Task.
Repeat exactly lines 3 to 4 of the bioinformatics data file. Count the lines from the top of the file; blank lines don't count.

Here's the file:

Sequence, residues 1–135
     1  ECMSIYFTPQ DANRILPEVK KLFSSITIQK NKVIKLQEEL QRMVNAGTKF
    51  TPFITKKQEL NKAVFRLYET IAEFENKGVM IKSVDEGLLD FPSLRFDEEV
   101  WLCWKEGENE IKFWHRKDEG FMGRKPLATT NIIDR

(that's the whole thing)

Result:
    51  TPFITKKQEL NKAVFRLYET IAEFENKGVM IKSVDEGLLD FPSLRFDEEV
   101  WLCWKEGENE IKFWHRKDEG FMGRKPLATT NIIDR